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  1. #1
    linguist_inside is offline Newbie
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    How to make them talk?

    I have recently hit a brick wall and I'm hoping some of you might help me: My students have enough skills and know enough words to take part in an easy conversation. But...some of them lack confidence! They say a few words in English and then they start talking in their native language. Is there a method to train their minds to think in English and get rid of the fear? Your thoughts on this would be greatly appreciated.

  2. #2
    PeterValk is offline Senior Member
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    Re: How to make them talk?

    My way of dealing with this - but I'm in a 1-on-1 tutoring situation- is to pretend not to understand the "native" language.
    However, I do realise that this method may not be practical in a classroom where student may be even more selfconscious.
    How many students do you have?
    Would it be feasable to take them aside one by one at the end of the day ( one a day ) and have a little informal chat ( IN ENGLISH!), so they can make mistakes and not be laughed at by their classmates?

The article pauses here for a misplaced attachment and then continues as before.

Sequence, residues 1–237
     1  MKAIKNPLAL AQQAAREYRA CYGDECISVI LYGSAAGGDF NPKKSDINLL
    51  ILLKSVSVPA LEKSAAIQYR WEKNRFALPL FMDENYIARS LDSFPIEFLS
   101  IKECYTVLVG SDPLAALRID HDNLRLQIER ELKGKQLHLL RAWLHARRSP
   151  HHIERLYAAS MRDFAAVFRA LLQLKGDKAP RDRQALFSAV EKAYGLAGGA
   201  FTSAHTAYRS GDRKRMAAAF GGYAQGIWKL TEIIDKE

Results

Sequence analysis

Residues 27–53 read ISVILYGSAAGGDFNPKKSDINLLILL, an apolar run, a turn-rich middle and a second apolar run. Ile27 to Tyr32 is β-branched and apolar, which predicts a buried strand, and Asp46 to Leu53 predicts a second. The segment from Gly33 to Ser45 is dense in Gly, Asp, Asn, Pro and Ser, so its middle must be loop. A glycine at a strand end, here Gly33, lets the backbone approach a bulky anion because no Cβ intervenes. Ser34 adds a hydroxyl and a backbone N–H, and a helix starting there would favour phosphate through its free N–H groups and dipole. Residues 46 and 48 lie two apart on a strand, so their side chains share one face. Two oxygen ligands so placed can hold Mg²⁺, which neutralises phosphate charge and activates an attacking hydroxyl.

3. #3
    Tdol is offline Editor, UsingEnglish.com
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    Re: How to make them talk?

    Role plays and structured activities can sometimes help with this- assuming a role or performing a task can make it more natural to speak to others in English. Speaking English in a monolingual class can seem artificial,especially when not in an English-speaking setting .

  4. #4
    linguist_inside is offline Newbie
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    Re: How to make them talk?

    It's a group of 12-13 year olds, there's 5 of them. I have tried the "I do not understand you" method, but they get so worked up that I can't help giving in. I have printed out some dialogues with missing parts in them so they do a bit of a role play...But there is a lot of awkwardness in the air because, like one of you has noted, it is not natural for them to speak in English. That is why I want them to get rid of this barrier, just haven't figured out how to do that yet.

  5. #5
    Brad D is offline Newbie
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    Re: How to make them talk?

    Hi there!

    This is an intersting forum. I wonder what their first language is. Different cultures respond to different cues. I tutored a 12 year old Korean boy. He was very outgoing, and it was hard to keep him quiet! And really, all he wanted to do was talk about baseball.

    Well, I would say that you do more set grammar patterns first. There is a textbook called Interchange. Each chapter is based on a topic, and each has a grammar focus, pronunciation focus etc. Some students do not respond to "free" activities. If you start with more structure, say at the beginning of the week, and then let it be more free at the end of the week, they might loosen up.